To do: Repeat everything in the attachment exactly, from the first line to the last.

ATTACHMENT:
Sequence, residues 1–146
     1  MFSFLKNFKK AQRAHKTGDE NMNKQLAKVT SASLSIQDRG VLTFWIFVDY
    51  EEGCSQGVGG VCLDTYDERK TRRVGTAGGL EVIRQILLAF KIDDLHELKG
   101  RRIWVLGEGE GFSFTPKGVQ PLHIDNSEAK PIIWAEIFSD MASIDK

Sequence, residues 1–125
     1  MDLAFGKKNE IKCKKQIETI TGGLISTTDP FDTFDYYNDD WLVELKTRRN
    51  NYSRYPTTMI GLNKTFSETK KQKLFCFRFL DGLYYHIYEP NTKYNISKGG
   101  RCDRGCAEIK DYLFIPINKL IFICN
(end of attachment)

Sequence, residues 1–146
     1  MFSFLKNFKK AQRAHKTGDE NMNKQLAKVT SASLSIQDRG VLTFWIFVDY
    51  EEGCSQGVGG VCLDTYDERK TRRVGTAGGL EVIRQILLAF KIDDLHELKG
   101  RRIWVLGEGE GFSFTPKGVQ PLHIDNSEAK PIIWAEIFSD MASIDK

Sequence, residues 1–125
     1  MDLAFGKKNE IKCKKQIETI TGGLISTTDP FDTFDYYNDD WLVELKTRRN
    51  NYSRYPTTMI GLNKTFSETK KQKLFCFRFL DGLYYHIYEP NTKYNISKGG
   101  RCDRGCAEIK DYLFIPINKL IFICN